I would like to do a better job of remembering my dreams. I rarely do. I’ve tried all sorts of tricks – telling myself pre-sleep: “remember your dream!” Nothing. At best, I manage a snippet. My intention is to learn more about my subconscious, to improve my discernment in every sense of that word. I’m tired of making the same mistakes in my life but if I don’t understand where they come from, I probably will. Hey, it’s only taken me to the other side of 50 to fully embrace this idea. Better late than never, right?
Recently, a pretty mundane remembered dream-scene inspired me to start meditating again — a discipline that in the past has been helpful. In my dream, I am searching for a different wake-up sound on my alarm clock, something besides my usual bird twitters. While the choices on my real clock has only said bird sounds, rushing water (effective perhaps in hurrying one to the bathroom) or horrible beeping noises, my dream clock included the mesmerizing chants of Tibetan monks. In my dream state, of course I choose to be woken by this chanting.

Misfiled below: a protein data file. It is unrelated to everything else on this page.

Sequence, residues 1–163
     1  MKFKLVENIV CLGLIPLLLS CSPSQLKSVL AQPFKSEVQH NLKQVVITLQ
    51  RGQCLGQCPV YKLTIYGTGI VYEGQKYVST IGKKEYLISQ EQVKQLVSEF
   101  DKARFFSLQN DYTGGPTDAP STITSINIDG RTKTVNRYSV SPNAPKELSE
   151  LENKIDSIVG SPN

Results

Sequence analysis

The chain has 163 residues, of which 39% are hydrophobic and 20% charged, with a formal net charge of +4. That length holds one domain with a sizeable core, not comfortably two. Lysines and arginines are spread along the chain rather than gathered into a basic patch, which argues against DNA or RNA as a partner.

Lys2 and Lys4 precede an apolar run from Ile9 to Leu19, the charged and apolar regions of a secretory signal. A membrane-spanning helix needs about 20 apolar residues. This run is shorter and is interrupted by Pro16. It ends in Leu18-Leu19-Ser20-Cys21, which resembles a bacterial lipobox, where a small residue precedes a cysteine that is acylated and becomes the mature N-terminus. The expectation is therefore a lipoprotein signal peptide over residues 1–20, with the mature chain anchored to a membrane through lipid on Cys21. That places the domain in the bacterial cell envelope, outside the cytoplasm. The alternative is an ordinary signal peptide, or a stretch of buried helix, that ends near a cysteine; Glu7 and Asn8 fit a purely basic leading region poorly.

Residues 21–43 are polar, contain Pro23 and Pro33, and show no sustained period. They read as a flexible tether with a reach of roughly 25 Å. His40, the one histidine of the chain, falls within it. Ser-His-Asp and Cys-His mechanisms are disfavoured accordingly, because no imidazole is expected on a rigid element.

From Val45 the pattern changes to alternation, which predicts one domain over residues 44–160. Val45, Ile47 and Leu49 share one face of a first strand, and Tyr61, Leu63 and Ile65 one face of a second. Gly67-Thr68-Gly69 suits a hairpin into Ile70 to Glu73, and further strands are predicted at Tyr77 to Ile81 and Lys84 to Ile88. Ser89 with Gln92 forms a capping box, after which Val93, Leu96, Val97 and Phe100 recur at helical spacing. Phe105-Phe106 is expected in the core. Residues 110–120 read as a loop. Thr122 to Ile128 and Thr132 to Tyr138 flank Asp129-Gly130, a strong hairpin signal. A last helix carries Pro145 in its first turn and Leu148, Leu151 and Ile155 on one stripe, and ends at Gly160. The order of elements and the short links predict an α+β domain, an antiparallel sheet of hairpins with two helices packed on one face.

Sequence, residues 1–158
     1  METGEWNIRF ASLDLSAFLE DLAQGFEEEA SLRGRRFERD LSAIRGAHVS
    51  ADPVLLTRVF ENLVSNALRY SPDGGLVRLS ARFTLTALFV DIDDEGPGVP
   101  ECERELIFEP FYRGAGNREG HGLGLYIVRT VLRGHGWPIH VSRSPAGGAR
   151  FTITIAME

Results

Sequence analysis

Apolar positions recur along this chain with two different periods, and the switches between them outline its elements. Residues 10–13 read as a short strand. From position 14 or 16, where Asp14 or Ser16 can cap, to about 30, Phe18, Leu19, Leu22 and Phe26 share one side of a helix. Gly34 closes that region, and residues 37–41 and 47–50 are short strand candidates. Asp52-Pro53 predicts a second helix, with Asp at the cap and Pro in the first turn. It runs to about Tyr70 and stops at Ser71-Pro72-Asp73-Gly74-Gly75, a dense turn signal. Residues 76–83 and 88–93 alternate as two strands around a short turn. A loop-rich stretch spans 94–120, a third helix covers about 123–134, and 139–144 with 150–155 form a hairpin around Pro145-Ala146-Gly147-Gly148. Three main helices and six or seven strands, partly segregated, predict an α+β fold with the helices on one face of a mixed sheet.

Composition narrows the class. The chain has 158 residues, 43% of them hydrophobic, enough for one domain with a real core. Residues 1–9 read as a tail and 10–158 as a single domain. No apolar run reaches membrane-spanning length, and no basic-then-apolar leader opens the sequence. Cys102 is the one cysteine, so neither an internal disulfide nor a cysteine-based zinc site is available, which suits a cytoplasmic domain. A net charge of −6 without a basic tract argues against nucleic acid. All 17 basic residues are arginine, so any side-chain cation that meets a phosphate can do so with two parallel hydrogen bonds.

And when I actually woke and (eureka!) remembered this, I took it as very clear guidance. Wouldn’t you? Now, when my electrically tweeting birds wake me, I hit snooze but instead of burrowing deeper into my pillow, I scoot up into a lotus position and for 10 minutes or so until the birds start singing again, I focus on breathing, on silence. With each inhale I imagine filling up a reservoir of peace that might sustain me through the day.
Sitting for a few moments after opening my eyes, I like to observe the night change to day. This week, mornings were either shrouded in fog or spectacularly red – once in particular, the world beyond my windows seemed on fire, the crazy reds almost tangible so densely did they fill the atmosphere. In half-consciousness, I basked in those magic rose hues until they were absorbed into the normal light of a day. A good start.
Do you remember your dreams?